On the other hand, the de-industrialization of Russian economy during market reforms (1990s, 2000s) was caused by the technological degradation of the industry, deprivation of its not only international but also domestic competitiveness. In particular, in Russia during the twenty years of market reforms up to 2015, the share of high-tech industries (instrumental, electronics, pharmaceuticals, modern plastic materials, etc.) had decreased from 20% to 10% of GDP (in the United States it increased from 50 to 60%), manufacturing industries (machine-building, organic chemistry, the production of plastics, metal, etc.) – had fallen down from 60 to 50%, the most modern production facilities (biochemistry, microelectronics, nano-material producing, etc.) - had not exceeded 0.5% of GDP (reached 6% of GDP in the USA). The share of raw-materials producing industries (emerging in the second half of the 19th century) increased from 20 to 34% of GDP in Russia, in the USA - fell to 10% (Word Bank, 2014).
The most massive negative structural shift occurred in the sector of innovation activity and technological development, throwing Russia back to the level of 1950s. The government withdrawal from funding of science and the lack of businesses’ interest to it has led to the fact that the number of companies involved in R&D in Russia was decreased by third (from 4.5 to 3.3 thousand), and the number of design organizations, creating prototypes ready for being produced was decreased in 13 times (from 495 to 37) for the 1992-2012. At the end of 2013 Russia's contribution to world research activity made only 2.2% of new researches, and only 6% of research organizations had been involved in innovative activities (in the USA - 75%) (World Bank, 2014; Rosstat, 2014). As for business there is almost no innovation activity in Russia in this area. Less than 1% of large Russian companies are engaged in R&D (in the USA - 65%). As a result, from 1998 until now the competitiveness of Russian economy on the world market has fallen in four times. For example in 2013 the total output of biochemical, microelectronics, nano-materials, software products in Russia amounted about 1.5 billion dollars (in Korea Republic - 350 billion dollars) (World Bank, 2014).
We have identified the root reason of Russian economy de-industrialization as the absence of government structural policy directed to the industry’s adaptation to new market economy conditions, to preservation of inter-firm relations, to reproduction of highly qualified staff, to preserving innovation activity of the industrial companies. Other reasons of deindustrialization reflected the elemental essence of the emerging markets: the lack of necessary institutions, financial crisis and the rise of speculations, high costs and the lack of competitiveness of most industries, a rupture of inter-firm ties in the specific conditions of former Soviet Union society (Zhironkin, 2002; Grandberg, 2002; Kurnysheva et al., 2008).
Thus, the relationship between de-industrialization and decrease of social wellbeing in Russia means that the technological degradation became the dominant form of structural changes of national economy. This relationship is manifested not only in the reduction of industrial output and the crash of its competiveness but also in reducing the share of people employed in industry, in the waves of mass layoffs at unprofitable enterprises, in increase the capital-intensive extraction of raw materials for export using old technologies and labor force with the competencies of the early 20th century instead of processing industries development. The latter ones can be characterized by high labor capacity and by a high skill level of workers with modern competences. That defines more prosperous life of processing industry employees in modern industrialized countries, compared with the people engaged in extracting raw materials.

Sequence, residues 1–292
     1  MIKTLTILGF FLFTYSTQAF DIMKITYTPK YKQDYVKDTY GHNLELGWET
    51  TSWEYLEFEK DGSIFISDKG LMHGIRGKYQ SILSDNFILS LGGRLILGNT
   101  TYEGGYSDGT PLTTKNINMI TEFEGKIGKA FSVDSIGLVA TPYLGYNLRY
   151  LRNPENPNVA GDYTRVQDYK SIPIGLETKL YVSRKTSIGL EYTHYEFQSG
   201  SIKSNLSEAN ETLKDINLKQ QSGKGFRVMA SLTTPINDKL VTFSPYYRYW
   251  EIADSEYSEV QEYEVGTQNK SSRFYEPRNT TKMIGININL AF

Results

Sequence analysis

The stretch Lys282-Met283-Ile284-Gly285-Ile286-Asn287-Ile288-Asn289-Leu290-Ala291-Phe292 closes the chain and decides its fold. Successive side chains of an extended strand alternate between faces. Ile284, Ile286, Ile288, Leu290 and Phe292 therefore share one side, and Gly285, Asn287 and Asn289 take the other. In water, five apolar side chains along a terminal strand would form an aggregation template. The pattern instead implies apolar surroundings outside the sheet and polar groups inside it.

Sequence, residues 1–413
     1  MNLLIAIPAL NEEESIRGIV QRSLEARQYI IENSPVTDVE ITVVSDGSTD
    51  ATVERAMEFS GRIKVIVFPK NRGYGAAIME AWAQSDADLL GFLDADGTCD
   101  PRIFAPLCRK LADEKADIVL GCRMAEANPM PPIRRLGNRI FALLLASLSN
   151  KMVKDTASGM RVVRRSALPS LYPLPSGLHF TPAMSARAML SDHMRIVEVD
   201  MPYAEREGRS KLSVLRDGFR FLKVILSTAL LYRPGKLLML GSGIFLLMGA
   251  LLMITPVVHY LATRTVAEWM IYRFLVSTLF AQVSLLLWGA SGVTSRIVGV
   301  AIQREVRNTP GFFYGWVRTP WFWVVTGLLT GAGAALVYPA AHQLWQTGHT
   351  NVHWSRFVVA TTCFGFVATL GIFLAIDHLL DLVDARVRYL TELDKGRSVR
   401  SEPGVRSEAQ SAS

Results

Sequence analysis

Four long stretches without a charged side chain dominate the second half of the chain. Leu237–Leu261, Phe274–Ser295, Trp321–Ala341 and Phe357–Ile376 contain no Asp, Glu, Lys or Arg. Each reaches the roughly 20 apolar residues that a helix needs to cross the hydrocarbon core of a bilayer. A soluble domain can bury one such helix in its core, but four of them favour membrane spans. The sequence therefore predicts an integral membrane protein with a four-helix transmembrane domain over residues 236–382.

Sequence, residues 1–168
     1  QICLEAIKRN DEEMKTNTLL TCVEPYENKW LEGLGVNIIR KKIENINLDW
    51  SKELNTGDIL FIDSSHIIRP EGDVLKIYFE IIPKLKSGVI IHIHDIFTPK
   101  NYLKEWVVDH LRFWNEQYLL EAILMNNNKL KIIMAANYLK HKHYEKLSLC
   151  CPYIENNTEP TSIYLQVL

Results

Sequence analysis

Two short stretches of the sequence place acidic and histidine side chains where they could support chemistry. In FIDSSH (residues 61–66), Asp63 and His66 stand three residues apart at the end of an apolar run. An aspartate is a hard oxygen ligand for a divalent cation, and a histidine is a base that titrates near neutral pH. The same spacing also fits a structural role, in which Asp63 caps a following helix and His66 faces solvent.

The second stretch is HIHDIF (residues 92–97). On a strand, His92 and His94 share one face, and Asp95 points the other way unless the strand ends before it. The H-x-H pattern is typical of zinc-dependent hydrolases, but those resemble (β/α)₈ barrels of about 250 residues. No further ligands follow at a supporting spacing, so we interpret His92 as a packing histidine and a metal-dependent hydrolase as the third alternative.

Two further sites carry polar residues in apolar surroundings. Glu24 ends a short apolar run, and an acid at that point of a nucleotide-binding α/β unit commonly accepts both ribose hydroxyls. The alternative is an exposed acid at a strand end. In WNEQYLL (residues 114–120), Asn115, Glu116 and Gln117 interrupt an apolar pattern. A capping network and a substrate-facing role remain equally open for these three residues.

The de-industrialization of economy has similar negative consequences, both for industry and for the formation of social wellbeing:
structural de-socialization - continuing destruction of social groups that can provide innovative development of Russian economy and its neo-industrialization, build up the groundwork of a positive structural shift (Barysheva, & Novoselova, 2014; Zhironkin, & Guzyr, 2016). Such destructive social process is compounded by the failure of Russian government social policy. These social groups, in fact, are the target elite of carrying out structural reforms (scientists, innovation managers, employees of high-tech companies etc.), around which the new social ties (between the state, business and science) and the new social roles (innovative entrepreneurs, researching "freelancers", private venture capital investors - "business angels") should be formed. However, from the beginning of the 1990s target elite social groups that can provide a positive structural shift in Russian economy have not received the sustainable development. On the contrary, the destruction of "intellectual heritage" of the USSR is still going on;
de-institutionalization of the structural policy of the state in Russia - the preservation of the institutional "vacuum" of formal and informal norms and rules of interaction between the state and business in the areas of venture investments, funding fundamental and applied researches, promotion high-tech production in the world market.